May 23, 2008

Surgery straightens teen’s spine, spirit

Featured Image

Escarleth Betancourt-Gutierrez, right, and her mother, Rosario, at their home in Tegucigalpa, Honduras, before they travelled to Vanderbilt for the teen’s scoliosis surgery.

Surgery straightens teen’s spine, spirit

A friendship between a Vanderbilt doctor and a family he met while on a mission trip to Honduras has changed the life of a young teenager with a serious spinal condition.

Escarleth Betancourt-Gutierrez, 15, had a severe case of scoliosis, or curvature of the spine. Her spinal column was bent sharply, like a winding roadway.

Left untreated, the condition would have caused breathing and heart problems, as well as physical deformity. Medical personnel in the family's home of Tegucigalpa, Honduras, were unable to help her.

But in April, Escarleth and her mother, Rosario, arrived at the Monroe Carell Jr. Children's Hospital at Vanderbilt for surgery to straighten the teen's spine. Greg Mencio, M.D., and his team operated on Escarleth for 10 hours in April, realigning her spine and adding steel rods to keep it from curving again.

The surgery was spurred by James Netterville, M.D., professor of Otolaryngology and Head and Neck Surgery, who met Escarleth and her family years ago while on a mission trip.

Netterville appealed to the hospital's International Leadership Committee, asking them to help.

The committee agreed. Mencio donated his services, and Children's Hospital covered all but $5,000 of Escarleth's other medical expenses. Harpeth Hills Church of Christ, where Netterville worships, donated money to cover the additional $5,000. Nearly $20,000 of implants needed for the surgery — including two rods and 20 screws — was donated by Surgical Resource Inc. and DePuy Spine.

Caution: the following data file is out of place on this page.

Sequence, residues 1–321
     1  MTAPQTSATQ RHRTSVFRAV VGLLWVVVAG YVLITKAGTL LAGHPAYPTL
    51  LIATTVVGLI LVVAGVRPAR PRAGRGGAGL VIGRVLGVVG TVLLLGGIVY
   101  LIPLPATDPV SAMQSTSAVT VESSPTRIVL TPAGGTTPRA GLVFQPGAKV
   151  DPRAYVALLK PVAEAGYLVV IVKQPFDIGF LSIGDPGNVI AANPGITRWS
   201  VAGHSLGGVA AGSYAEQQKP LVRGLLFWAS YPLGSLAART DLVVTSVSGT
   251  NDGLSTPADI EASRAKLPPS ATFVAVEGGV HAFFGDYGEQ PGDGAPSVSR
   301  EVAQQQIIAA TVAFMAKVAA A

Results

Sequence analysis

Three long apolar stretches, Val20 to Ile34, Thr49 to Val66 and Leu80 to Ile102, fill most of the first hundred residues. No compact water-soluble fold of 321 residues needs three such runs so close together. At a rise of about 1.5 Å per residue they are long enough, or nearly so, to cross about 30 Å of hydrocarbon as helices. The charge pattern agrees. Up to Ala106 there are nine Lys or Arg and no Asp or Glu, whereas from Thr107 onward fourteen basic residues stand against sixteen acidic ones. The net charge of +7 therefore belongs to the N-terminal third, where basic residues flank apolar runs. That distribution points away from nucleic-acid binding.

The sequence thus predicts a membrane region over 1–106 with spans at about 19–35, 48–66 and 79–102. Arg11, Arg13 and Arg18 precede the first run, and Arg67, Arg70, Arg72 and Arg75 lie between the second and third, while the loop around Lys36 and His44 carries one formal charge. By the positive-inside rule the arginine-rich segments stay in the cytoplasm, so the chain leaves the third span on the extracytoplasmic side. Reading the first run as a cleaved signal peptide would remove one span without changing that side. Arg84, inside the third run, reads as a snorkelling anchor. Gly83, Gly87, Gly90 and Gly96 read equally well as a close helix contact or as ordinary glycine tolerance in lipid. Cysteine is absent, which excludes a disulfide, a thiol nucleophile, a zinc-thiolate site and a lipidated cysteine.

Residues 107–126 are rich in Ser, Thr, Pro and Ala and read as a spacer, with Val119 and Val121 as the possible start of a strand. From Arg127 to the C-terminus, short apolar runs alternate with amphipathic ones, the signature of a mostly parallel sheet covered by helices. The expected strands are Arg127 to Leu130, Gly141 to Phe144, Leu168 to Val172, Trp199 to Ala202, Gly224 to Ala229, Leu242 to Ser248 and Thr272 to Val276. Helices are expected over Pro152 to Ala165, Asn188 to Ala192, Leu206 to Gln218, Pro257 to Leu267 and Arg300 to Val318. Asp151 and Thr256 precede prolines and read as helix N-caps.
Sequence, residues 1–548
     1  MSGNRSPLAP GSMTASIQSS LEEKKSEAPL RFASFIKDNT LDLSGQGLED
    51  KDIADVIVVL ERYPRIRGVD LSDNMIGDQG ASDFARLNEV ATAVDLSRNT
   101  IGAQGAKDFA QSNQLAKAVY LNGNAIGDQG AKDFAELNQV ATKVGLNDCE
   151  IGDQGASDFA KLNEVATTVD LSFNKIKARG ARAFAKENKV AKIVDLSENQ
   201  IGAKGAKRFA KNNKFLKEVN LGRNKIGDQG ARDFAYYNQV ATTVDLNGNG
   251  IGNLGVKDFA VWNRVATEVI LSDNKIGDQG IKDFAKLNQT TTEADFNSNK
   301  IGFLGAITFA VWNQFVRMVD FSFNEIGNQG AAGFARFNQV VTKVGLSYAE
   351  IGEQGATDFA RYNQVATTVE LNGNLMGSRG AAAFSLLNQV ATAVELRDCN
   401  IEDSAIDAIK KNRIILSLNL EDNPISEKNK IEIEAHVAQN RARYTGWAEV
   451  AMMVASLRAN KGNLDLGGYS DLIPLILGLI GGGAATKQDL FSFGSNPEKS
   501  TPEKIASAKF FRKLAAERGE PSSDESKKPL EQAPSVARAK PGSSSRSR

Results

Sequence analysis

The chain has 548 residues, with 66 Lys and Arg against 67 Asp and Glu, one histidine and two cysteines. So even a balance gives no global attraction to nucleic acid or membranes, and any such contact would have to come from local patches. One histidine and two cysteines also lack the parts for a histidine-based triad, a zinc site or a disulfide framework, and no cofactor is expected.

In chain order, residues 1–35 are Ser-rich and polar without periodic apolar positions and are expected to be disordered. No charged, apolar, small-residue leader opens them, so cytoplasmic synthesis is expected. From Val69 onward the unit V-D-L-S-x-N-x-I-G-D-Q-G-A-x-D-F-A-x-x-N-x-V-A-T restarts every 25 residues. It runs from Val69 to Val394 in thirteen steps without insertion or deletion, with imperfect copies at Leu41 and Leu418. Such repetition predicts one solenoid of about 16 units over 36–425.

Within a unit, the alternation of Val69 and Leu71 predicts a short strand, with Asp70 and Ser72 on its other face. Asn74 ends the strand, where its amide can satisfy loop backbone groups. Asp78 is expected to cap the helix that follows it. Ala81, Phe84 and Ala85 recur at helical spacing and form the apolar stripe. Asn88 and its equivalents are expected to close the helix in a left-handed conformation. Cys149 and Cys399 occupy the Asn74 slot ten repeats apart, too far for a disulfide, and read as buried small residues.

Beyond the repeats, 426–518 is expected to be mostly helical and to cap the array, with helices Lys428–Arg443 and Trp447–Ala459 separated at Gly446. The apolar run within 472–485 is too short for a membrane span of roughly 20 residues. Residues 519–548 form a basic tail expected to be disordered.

It's not often that scoliosis progresses to this severity in the United States, Mencio said.

“It's a problem we're able to treat,” he said. “We do this all the time. The story is that the hospital provided the resources and the opportunity.”

On May 6, Escarleth and her mother met with Mencio for a final checkup before their return to Honduras. The teen bounced around the clinic, full of energy and giggles. Along with members of the church, she presented Mencio with framed pictures and news articles about the surgery, as well as other gifts and letters of thanks.

“Thank you, thank you so much,” a tearful Rosario Betancourt-Gutierrez said through an interpreter as she embraced Mencio.

In a heartfelt letter to Kevin Churchwell, M.D., chief executive officer of Children's Hospital, Netterville described his feelings about Escarleth's story.

“As I closely observed her throughout this remarkable surgical experience, I witnessed both inner and outer beauty unveiled, similar to watching a beautiful rose unfurl for spring,” he wrote. “Her outlook toward her future has blossomed, as she now sees a normal beautiful young lady in the mirror, instead of a crippled bent spine that needed to be hidden under heavy clothing from public view.”